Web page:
Four goals at home last week, four goals away this, people have started calling Ricky Sbragia manager-elect of Sunderland. Publicly at least this is not a position Sbragia enjoys, but from being a safe pair of hands three weeks ago in the wake of Roy Keane's departure from Wearside, the 52-year-old Scot is now seen as man with a grip on the job.
But it is not Sbragia's yet – others remain under consideration – and retaining perspective is now among the Sunderland hierarchy's priorities. That is difficult enough in football, but the sort of six-point rush Sunderland are experiencing this morning makes that ever harder.
It may sound churlish, but it has to be said that the first four goals came against a disappearing West Bromwich and that yesterday the crucial second Sunderland goal from Kieran Richardson took a mighty deflection. But for that this could easily have been 1-1 – still a good result.
That Richardson's goal came in the 78th minute also shows that this was a tight match, until then. Three minutes later Hull's Sam Ricketts was dismissed for a second bookable offence in the space of five minutes, and three more elapsed before Kenwyne Jones headed in the visitors' third. Six minutes changed the match.
"Three-one to the referee," sang Hull's unhappy fans at Mike Riley, and Hull City's disappointed manager, Phil Brown, called the dismissal "ridiculous".
Brown was the caretaker managerat Hull before being given the post permanently, and said that this result"doesn't do him [Sbragia] any harm at all" in terms of succeeding Keane.
Sbragia brought his straight bat with him again. "No, not at all," was the Scot's response to questions as to whether this made him a more likely candidate. He said he speaks to the chairman, Niall Quinn, "every day" but added: "I'm not breaking his door down. If it's working, why look tomend it? We've just got to keep itgoing. We can't just have a short, sharp injection."
Asked why Sunderland's players seem to be playing with greater freedom post-Keane, Sbragia said: "We had to get back to being disciplined in the way we play and Kenwyne and Djib [Cissé] is a partnership that's growing."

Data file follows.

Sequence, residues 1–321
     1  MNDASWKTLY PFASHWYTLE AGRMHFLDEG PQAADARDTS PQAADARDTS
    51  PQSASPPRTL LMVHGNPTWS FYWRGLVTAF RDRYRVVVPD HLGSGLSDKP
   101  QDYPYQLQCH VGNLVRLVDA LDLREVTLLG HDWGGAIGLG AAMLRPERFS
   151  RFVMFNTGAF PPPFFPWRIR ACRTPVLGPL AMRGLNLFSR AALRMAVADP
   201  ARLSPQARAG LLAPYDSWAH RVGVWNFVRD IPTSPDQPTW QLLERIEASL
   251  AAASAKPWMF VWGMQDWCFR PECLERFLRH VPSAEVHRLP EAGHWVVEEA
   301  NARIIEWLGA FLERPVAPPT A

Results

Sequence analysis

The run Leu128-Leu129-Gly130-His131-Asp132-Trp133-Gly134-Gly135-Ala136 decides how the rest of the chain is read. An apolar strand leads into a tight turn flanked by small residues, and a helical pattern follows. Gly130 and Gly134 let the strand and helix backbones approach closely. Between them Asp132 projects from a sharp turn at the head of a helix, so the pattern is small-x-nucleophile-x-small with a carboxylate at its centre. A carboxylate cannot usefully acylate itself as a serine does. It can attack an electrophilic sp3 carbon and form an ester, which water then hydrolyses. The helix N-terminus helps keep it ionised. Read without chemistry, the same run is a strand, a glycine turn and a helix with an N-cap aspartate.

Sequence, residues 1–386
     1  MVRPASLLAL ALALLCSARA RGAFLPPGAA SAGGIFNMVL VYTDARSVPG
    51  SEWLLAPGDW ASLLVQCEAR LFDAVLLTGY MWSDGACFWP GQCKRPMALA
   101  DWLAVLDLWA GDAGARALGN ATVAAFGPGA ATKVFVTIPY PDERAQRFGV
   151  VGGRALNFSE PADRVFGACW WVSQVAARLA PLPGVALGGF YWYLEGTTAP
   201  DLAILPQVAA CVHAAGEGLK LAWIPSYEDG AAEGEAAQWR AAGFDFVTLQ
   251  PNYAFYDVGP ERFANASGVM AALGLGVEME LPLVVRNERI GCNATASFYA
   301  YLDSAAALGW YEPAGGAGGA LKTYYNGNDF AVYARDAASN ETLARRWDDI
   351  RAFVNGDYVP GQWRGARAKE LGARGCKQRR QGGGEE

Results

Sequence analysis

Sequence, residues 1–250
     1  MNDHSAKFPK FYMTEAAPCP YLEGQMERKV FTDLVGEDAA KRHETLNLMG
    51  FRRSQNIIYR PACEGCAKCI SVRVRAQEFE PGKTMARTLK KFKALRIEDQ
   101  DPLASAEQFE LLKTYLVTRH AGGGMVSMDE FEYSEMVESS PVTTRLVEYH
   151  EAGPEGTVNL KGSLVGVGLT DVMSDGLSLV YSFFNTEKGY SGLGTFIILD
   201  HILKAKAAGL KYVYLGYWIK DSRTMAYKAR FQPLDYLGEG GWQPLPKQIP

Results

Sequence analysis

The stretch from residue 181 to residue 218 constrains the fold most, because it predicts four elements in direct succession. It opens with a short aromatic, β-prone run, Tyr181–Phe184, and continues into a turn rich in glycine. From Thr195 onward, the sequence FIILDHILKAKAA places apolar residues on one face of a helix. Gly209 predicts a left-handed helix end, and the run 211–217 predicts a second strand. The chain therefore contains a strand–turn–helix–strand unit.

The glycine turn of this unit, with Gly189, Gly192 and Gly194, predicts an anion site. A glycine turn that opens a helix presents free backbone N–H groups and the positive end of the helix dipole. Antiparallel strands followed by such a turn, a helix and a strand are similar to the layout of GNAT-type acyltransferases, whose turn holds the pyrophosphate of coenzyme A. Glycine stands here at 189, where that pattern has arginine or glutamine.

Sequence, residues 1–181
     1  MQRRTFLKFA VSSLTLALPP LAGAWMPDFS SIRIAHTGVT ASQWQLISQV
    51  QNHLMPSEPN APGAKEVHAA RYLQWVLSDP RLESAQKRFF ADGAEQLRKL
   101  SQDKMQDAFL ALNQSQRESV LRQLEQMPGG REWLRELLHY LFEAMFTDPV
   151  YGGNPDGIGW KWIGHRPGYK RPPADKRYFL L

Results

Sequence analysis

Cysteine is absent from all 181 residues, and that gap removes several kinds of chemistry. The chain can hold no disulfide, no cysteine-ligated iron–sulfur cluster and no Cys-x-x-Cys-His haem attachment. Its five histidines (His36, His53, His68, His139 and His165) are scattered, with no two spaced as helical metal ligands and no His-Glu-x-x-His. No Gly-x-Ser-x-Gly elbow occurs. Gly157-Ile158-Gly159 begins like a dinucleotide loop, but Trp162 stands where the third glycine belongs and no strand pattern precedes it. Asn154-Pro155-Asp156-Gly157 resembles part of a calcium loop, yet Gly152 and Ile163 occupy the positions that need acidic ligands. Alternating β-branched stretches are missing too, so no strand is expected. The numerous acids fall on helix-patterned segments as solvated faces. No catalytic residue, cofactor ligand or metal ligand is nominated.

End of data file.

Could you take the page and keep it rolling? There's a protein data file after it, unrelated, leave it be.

Not for the first time Sbragia also said he treats the players "like adults – you shouldn't always come down on them." What Keane makes of such comments will be interesting to hear.
Sunderland's free expression could be seen in their opening goal. When Phil Bardsley swept a pass from the right byline across the halfway line to Anton Ferdinand, the ball was moved quickly through Richardson, Andy Reid and onto Danny Collins. The left back was overlapping down the opposite flank to Bardsley.
Collins cut in and slid a neat pass to Steed Malbranque, who had made his way infield and who, from the edge of the 'D', whacked in a delicious right-foot shot. It was some way for Malbranque to register his first goal for the club. The clock said 10 minutes exactly.
Hull's goal was the opposite of Sunderland's. In place of a six-man passing move there was a 50-yard free-kick punt from goalkeeper Boaz Myhill. Kamil Zayatte caused alarm with a flick of the head, Michael Turner then had a shot, which was blocked on the line by Marton Fulop. A brief scramble ensued and at its end Nicky Barmby was there to drill in a low equaliser. It was Barmby's first Premier League goal for five years.
Hull looked set then, but as they faded, Sunderland regrouped after half-time. After 78 minutes Richardson roamed forward, paused and decided to have a go. The shot was flying wide until it clipped Zayatte and deflected past the wrong-footed Myhill. Ricketts then saw red before Malbranque danced around Ricketts' replacement at left-back, Peter Halmosi, and delivered a cross that Jones gleefully headed in. There was still time for Cissé to race away and drill in an injury-time fourth.
Hull's unbeaten run was over; Sunderland's is into a second game, they are out of the relegation zone and next it is Sam Allardyce and Blackburn at the Stadium of Light on Friday.
Referee: Mike Riley
Man of the match: Malbranque
Match rating: 6/10Reuse content